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N2 - Objective. To assess the safety and efficacy of echocardiographically guided pericardiocentesis for patients with rheumatoid arthritis (RA) and hemodynamically significant pericardial effusion. Methods. We identified 16 patients with RA who underwent 18 echocardiographically guided pericardiocentesis procedures at our institution over a 20-year period. Clinical and laboratory characteristics of the patients, response to treatment, complications, and need for future pericardial surgery were abstracted from the echocardiography database. Results. Ten patients were men and 6 were women (mean age, 62 yrs; range, 36-75 yrs). On average, patients were diagnosed with RA 11 years before pericardial disease developed. Twelve of 15 patients were seropositive for rheumatoid factor, 10 patients had radiographic evidence of erosions, and 7 patients had rheumatoid nodules. Cardiac tamponade was present in 11 of the 18 cases. Mean volume drained on the first pericardiocentesis was 504 ± 264 ml (range 120-1000 ml). The fluid was an exudate with a mean protein concentration of 5 g/dl (range 3.3-51.1 g/dl). All cultures and cytologic findings were negative for bacteria and neoplastic cells. No serious complications resulted from echocardiographically guided pericardiocentesis. For 11 patients, a catheter was placed for intermittent drainage over an average of 3 days. Seven patients ultimately required a more definitive surgical procedure. Conclusion. Echocardiographically guided pericardiocentesis is a safe and effective treatment for this uncommon but serious complication of RA.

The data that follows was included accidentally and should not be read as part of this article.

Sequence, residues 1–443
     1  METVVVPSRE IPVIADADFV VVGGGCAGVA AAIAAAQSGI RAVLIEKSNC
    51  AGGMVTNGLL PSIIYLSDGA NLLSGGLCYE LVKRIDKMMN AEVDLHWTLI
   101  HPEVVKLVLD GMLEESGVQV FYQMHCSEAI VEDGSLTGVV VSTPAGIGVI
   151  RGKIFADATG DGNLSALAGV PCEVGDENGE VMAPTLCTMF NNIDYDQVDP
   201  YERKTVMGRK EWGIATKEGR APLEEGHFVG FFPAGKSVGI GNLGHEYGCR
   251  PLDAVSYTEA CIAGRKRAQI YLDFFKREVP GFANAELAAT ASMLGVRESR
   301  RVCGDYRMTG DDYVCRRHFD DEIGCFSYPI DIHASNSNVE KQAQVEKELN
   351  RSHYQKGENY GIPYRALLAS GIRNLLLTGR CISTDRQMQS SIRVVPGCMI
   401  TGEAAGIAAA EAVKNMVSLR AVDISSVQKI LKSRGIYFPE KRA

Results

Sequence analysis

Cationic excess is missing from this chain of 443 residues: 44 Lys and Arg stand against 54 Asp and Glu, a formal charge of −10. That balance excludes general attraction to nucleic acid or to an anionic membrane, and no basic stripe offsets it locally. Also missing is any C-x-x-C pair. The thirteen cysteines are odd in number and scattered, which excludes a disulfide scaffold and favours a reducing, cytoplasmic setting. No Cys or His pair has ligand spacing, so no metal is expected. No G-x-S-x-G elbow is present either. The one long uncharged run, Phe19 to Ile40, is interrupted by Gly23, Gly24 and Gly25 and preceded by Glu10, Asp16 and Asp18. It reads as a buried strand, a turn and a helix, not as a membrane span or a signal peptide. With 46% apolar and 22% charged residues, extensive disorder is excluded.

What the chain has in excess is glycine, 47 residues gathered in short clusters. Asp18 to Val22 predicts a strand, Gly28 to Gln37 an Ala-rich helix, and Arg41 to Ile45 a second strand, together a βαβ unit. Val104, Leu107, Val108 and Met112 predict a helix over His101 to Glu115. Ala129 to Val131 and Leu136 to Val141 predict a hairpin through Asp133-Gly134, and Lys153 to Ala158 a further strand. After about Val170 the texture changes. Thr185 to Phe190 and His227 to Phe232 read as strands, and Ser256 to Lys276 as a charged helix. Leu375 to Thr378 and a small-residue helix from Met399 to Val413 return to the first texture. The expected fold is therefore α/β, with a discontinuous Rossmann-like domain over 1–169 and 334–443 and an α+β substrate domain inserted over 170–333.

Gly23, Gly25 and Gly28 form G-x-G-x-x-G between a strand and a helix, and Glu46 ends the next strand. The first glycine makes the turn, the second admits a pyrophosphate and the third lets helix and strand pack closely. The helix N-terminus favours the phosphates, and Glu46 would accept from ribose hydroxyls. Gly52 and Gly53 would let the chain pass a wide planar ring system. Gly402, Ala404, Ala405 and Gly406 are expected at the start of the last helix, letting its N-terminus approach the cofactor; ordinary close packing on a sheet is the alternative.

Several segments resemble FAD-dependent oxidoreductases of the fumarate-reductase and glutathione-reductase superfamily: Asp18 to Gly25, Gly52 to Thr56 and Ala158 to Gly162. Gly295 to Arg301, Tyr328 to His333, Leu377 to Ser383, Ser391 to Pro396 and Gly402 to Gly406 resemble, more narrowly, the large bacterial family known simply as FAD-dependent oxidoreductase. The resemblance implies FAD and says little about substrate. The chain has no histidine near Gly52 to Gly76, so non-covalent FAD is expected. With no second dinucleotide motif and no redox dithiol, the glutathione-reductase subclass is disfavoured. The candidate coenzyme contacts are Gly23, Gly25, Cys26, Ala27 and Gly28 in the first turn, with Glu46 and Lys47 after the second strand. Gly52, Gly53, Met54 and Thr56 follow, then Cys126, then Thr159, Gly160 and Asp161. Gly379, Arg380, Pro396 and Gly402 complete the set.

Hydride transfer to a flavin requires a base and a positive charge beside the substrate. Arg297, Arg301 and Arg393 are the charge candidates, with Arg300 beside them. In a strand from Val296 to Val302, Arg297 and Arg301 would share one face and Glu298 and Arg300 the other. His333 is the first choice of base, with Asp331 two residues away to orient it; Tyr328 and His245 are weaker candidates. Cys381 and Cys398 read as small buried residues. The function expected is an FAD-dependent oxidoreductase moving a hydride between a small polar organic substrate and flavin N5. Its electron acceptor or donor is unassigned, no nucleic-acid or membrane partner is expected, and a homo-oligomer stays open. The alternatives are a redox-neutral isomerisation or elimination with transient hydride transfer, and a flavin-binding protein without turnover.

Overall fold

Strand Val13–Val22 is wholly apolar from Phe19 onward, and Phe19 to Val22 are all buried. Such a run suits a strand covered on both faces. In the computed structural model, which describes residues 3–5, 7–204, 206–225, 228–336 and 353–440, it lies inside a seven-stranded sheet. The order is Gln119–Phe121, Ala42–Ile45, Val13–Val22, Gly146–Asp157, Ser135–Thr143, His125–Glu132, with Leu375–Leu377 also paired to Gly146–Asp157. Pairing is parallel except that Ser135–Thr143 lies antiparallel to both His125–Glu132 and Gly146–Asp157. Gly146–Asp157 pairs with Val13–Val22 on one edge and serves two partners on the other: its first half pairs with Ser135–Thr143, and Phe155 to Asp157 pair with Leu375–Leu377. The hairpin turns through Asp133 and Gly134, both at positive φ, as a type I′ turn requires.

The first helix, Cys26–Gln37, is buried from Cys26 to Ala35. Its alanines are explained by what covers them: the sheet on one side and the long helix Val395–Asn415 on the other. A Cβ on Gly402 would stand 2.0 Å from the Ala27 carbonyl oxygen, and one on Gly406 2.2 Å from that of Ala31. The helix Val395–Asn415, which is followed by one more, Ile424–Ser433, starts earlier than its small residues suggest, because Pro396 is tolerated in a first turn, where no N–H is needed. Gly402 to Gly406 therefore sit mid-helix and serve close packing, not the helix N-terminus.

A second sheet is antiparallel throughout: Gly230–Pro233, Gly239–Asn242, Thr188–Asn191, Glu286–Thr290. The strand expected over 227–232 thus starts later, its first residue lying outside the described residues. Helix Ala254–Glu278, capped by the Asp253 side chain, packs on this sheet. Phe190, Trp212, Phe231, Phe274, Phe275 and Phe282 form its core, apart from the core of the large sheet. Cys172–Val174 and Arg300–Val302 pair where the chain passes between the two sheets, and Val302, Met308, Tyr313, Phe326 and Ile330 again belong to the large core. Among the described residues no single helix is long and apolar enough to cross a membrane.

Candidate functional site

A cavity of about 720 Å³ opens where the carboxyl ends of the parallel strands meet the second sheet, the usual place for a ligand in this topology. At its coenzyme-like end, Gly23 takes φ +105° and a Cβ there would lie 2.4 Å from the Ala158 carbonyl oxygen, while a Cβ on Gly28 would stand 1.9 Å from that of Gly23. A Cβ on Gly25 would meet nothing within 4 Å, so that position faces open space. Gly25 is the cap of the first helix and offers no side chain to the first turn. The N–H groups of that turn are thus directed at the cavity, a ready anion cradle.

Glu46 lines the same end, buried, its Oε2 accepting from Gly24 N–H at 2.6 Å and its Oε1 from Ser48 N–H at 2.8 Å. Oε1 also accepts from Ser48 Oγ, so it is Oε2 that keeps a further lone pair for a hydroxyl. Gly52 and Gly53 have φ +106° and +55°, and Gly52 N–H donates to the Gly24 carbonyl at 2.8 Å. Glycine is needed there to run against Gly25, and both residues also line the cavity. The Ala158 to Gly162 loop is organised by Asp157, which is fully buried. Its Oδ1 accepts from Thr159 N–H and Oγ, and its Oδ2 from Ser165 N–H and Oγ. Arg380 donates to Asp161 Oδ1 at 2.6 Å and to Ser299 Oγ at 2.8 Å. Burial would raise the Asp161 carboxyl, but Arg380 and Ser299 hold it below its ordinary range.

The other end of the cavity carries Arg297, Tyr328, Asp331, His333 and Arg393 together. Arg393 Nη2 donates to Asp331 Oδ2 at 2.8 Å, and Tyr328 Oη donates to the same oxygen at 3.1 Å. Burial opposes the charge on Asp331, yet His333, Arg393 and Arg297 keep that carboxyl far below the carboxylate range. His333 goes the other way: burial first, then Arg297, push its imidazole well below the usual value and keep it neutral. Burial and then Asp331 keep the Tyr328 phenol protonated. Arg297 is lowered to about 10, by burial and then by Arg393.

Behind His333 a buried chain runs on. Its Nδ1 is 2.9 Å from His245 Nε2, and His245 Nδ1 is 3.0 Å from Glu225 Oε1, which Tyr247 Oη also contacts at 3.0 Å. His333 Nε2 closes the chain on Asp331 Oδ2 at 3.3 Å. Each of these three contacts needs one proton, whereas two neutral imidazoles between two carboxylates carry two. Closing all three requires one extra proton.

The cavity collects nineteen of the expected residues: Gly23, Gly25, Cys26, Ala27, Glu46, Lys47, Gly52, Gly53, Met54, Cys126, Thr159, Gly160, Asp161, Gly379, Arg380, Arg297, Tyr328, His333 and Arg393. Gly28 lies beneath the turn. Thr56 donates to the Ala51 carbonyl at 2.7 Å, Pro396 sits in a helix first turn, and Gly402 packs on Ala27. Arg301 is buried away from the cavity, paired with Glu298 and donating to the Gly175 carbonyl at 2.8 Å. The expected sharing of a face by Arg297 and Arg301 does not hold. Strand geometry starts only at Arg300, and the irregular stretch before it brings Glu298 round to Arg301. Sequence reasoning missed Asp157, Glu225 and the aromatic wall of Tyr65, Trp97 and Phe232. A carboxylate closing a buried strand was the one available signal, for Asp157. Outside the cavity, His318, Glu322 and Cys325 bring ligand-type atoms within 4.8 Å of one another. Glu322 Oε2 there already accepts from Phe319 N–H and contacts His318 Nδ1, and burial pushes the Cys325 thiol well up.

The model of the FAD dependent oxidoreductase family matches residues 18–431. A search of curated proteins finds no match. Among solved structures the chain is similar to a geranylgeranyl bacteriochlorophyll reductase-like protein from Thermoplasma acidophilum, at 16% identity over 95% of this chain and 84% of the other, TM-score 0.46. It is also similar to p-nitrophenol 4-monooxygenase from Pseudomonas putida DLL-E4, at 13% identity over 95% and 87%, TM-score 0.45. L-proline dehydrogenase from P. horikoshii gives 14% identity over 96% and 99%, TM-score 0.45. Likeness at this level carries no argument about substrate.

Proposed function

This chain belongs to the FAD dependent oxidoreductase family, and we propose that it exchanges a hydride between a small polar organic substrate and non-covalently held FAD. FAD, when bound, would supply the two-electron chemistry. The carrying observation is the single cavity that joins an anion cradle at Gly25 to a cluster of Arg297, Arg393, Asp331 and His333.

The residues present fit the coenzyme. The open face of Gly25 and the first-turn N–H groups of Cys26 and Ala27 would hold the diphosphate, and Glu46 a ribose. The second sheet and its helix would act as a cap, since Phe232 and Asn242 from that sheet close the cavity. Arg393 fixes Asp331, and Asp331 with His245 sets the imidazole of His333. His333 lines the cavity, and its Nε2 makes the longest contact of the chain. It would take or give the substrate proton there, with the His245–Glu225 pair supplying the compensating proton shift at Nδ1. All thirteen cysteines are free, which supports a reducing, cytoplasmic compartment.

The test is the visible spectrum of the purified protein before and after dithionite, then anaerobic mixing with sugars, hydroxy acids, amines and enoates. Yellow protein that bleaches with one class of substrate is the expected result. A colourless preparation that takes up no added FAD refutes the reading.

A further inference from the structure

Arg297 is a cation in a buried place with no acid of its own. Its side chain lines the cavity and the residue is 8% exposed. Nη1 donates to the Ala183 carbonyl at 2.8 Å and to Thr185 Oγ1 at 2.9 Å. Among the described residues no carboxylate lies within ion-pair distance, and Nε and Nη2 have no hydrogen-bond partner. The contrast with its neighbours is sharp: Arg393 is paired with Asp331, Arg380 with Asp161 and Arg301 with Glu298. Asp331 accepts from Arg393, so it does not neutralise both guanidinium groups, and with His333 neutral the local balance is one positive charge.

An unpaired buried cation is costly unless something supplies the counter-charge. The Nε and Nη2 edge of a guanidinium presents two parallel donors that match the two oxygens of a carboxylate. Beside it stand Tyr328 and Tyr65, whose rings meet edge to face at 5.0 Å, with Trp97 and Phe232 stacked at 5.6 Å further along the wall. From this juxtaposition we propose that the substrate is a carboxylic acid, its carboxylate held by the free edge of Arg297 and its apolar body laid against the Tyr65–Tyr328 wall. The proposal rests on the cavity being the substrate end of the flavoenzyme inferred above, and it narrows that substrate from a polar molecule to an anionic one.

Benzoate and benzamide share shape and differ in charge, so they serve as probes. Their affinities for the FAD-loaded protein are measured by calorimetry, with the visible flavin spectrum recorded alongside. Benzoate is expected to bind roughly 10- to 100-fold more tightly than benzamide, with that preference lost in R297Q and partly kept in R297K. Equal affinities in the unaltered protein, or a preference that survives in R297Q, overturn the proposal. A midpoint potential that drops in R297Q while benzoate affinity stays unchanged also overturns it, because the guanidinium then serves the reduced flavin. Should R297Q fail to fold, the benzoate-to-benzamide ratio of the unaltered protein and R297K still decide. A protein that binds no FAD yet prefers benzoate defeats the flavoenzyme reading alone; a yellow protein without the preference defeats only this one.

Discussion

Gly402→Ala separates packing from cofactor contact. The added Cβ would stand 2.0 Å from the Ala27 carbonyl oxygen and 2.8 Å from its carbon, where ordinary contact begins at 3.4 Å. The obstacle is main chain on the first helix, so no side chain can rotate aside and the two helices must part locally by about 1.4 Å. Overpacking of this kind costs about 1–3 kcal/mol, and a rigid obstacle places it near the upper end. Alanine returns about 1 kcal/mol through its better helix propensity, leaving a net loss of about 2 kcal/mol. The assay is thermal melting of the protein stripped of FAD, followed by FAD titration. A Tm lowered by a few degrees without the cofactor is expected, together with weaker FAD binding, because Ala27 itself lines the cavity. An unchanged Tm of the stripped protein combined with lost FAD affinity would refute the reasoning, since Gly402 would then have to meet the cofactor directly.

AB - Objective. To assess the safety and efficacy of echocardiographically guided pericardiocentesis for patients with rheumatoid arthritis (RA) and hemodynamically significant pericardial effusion. Methods. We identified 16 patients with RA who underwent 18 echocardiographically guided pericardiocentesis procedures at our institution over a 20-year period. Clinical and laboratory characteristics of the patients, response to treatment, complications, and need for future pericardial surgery were abstracted from the echocardiography database. Results. Ten patients were men and 6 were women (mean age, 62 yrs; range, 36-75 yrs). On average, patients were diagnosed with RA 11 years before pericardial disease developed. Twelve of 15 patients were seropositive for rheumatoid factor, 10 patients had radiographic evidence of erosions, and 7 patients had rheumatoid nodules. Cardiac tamponade was present in 11 of the 18 cases. Mean volume drained on the first pericardiocentesis was 504 ± 264 ml (range 120-1000 ml). The fluid was an exudate with a mean protein concentration of 5 g/dl (range 3.3-51.1 g/dl). All cultures and cytologic findings were negative for bacteria and neoplastic cells. No serious complications resulted from echocardiographically guided pericardiocentesis. For 11 patients, a catheter was placed for intermittent drainage over an average of 3 days. Seven patients ultimately required a more definitive surgical procedure. Conclusion. Echocardiographically guided pericardiocentesis is a safe and effective treatment for this uncommon but serious complication of RA.